SAN FRANCISCO — Real estate agents and brokers hoping to take photo slideshows to another dimension may want to give Photosynth a try.

Photosynth is free Web software that allows users to stitch photos together to create 3-D, immersive renderings that consumers can click, drag and zoom in and out of.

Photosynth is a brainchild of Microsoft’s Live Labs, a collaboration between MSN and Microsoft Research. Live Labs founder and director, Dr. Gary Flake, spoke to attendees at Real Estate Connect last week.

"Photosynth is not passive. It’s like a video game where users can choose the way they go," Flake said.

A "synth" of a house for sale, for example, can function as a virtual home tour with consumers able to use an arrow key to "walk" around a house, or they can simply click and drag their way around rooms. Consumers can see a 360-degree image of the outside of a house as well as recognize how rooms inside the home fit together.

The software recognizes similar elements in photos and stitches them together so that consumers can see how images relate to one another.

"You can jump into the backyard through the window. The program recognizes the details through the living room window and connects them to backyard photos," Flake said. In an example of a synth for a for-sale home, for instance, consumers can click on the front door to "open" it and jump inside the house.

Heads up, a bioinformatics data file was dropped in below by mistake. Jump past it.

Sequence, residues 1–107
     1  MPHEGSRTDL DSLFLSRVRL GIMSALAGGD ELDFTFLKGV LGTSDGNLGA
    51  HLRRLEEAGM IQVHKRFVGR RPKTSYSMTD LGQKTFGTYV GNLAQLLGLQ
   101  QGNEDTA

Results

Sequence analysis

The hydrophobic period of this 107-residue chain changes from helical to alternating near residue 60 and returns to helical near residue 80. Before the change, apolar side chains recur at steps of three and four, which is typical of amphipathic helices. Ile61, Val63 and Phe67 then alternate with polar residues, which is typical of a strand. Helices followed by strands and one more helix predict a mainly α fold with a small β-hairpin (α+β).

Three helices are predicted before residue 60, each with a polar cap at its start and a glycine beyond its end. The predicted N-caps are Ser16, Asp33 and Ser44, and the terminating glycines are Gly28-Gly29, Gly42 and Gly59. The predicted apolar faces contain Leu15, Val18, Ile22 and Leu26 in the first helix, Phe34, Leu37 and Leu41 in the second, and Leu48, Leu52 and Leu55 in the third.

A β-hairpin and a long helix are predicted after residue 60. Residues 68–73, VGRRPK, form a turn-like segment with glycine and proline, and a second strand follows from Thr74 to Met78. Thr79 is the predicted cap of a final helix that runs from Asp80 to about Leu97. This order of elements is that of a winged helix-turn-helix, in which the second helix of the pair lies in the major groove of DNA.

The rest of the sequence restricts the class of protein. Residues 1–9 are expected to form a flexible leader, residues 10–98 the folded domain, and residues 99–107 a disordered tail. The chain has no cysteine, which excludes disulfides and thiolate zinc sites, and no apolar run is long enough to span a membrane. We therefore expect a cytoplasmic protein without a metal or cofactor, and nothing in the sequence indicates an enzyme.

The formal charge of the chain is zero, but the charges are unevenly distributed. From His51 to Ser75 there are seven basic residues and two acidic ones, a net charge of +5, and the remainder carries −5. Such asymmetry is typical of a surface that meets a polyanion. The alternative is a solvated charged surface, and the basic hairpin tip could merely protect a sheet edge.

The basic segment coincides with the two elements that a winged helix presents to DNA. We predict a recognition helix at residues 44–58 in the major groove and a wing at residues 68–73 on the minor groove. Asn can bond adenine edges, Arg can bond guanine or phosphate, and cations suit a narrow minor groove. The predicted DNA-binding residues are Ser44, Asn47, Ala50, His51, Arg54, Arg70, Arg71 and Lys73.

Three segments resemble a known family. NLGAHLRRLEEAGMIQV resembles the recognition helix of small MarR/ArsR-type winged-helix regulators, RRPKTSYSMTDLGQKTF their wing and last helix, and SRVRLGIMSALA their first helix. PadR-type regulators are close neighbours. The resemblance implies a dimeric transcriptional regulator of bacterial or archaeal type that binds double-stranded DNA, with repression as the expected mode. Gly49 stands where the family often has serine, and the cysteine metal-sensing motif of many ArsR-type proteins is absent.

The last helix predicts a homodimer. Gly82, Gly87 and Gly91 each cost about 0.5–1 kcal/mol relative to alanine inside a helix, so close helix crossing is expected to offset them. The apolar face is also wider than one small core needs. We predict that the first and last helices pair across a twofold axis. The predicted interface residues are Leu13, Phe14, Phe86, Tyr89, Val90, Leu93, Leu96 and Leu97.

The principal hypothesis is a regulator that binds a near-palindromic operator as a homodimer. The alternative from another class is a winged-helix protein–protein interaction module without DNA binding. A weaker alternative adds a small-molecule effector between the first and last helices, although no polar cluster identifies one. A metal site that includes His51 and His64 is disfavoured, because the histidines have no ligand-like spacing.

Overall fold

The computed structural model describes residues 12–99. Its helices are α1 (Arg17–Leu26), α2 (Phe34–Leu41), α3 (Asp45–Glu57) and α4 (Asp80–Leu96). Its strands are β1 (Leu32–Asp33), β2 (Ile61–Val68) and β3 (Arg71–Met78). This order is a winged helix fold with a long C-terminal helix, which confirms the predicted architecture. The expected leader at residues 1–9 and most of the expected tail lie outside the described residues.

The software shows the photos in high-resolution by incorporating technology from another Live Labs project, Seadragon. Seadragon allows consumers to zoom in and out of photos without losing resolution and with a near immediate load time, no matter the size of the image.

Real estate professionals can embed their synths in their websites or link to synths on the Photosynth site. Each synth also includes a "share to Facebook" button that adds a thumbnail, title, link and part of the synth description to the user’s Facebook wall. The link takes the user over to the Photosynth website.

For more information on how to create a synth, see the site’s Help page.

Flake said he recommends the tutorials "because it will change the way you take photos."

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